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article imageOpportunity rover set to wake up as Mars dust storm wanes

By Tim Sandle     Sep 1, 2018 in Science
The giant dust storm that has encircled Mars is beginning to slowdown and signs are it will soon disappear. This will allow NASA’s solar-powered Opportunity rover to come out of hibernation mode - assuming it still works.
NASA scientists are hopeful that the prolonged hibernation for the Opportunity rover has not led to a system malfunction or that the planet-encircling dust storm has not irreparably damaged the sophisticated craft. The dust storm has been on-going for sometime (around the end of May 2018), as Digital Journal's Karen Graham reported in June 2018: "A massive dust storm on Mars that covered one-fourth of the planet...has grown into a global weather event."
Opportunity does a self-portrait
Opportunity does a self-portrait
Stalled in Perseverance Valley, the rover went into shutdown partly to protect itself from the dust storm and also because its power source as about to disappear. Being solar powered, the craft was about to enter a period of time during which it would not be able to detect any sunlight at all. The storm did not affect NASA's Curiosity rover, because the second craft is nuclear powered.
Opportunity rover (MER-B or Mars Exploration Rover – B) is a robotic rover active on Mars since 2004. The rover has been active for far longer than its design specification - 5535 sols since landing, as of September 1, 2018. The objective of the rover is to move gradually and to make scientific observations. In the 14 Earth years that it has been on the Martian surface, the rover has covered over had traveled 45.09 kilometers.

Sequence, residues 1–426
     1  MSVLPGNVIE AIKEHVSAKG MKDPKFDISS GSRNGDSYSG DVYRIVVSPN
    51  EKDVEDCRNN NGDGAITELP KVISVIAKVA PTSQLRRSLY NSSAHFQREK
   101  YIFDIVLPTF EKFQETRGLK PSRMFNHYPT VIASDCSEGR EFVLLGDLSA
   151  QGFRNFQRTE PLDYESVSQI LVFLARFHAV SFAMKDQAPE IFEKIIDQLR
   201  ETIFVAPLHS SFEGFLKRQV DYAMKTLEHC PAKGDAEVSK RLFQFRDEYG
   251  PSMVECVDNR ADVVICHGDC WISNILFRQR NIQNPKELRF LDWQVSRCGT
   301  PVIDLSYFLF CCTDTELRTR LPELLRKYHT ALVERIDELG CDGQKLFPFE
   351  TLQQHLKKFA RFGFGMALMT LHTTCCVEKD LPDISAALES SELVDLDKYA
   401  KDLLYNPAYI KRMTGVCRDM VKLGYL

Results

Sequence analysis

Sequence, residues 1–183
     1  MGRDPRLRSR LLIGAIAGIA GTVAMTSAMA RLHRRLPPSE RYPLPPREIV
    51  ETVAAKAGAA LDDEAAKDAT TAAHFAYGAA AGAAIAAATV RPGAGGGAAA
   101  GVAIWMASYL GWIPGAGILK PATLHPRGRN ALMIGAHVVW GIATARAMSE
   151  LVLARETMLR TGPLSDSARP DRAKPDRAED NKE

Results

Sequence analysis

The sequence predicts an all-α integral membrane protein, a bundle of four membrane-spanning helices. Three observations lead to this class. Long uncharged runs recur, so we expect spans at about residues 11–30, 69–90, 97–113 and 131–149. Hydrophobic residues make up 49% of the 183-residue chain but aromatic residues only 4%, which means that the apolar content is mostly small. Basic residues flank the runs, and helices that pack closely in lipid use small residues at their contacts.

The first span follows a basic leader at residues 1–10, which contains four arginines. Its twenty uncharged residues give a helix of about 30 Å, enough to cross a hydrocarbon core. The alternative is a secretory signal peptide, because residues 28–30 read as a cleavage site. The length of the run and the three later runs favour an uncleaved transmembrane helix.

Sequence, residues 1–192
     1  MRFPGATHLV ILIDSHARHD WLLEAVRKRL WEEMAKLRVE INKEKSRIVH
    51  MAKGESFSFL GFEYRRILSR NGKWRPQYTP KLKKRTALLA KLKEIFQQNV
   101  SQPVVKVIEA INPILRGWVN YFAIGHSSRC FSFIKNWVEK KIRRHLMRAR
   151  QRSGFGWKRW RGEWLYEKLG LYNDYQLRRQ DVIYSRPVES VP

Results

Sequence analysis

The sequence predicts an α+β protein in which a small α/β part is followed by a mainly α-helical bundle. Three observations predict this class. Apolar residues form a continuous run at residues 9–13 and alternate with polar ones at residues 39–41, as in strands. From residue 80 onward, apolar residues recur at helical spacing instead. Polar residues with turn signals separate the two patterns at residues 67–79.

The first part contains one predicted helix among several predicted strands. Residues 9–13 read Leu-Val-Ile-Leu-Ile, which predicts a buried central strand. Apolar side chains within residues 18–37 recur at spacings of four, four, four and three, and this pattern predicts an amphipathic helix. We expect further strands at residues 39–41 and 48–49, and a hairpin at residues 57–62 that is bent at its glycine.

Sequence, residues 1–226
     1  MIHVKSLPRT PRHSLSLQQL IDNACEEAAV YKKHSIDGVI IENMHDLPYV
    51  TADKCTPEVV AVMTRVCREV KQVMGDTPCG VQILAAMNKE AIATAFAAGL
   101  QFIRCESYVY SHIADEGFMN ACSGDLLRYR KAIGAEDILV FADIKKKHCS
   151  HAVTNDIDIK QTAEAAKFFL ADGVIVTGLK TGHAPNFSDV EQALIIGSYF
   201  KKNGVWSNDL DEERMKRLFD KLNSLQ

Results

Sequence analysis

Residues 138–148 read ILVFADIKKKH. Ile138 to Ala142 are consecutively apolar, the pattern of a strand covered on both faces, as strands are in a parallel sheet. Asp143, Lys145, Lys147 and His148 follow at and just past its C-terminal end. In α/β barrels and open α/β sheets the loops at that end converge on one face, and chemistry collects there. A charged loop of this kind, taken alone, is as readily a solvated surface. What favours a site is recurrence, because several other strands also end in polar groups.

An artist’s impression shows how Mars may have looked about four billion years ago. The young plan...
An artist’s impression shows how Mars may have looked about four billion years ago. The young planet Mars would have had enough water to cover its entire surface in a liquid layer about 140 metres deep, but it is more likely that the liquid would have pooled to form an ocean occupying almost half of Mars’s northern hemisphere, and in some regions reaching depths greater than 1.6 kilometers.
ESO/M. Kornmesser/N. Risinger (
Now with indications that the Martian storm is abating, scientists at NASA’s Jet Propulsion Laboratory in Pasadena, California, will soon start the process of reviving the six-wheeled rover in the hope that it remains operational. According to John Callas, Opportunity project manager at the Jet Propulsion Laboratory: "The sun is breaking through the haze over Perseverance Valley, and soon there will be enough sunlight present that Opportunity should be able to recharge its batteries."
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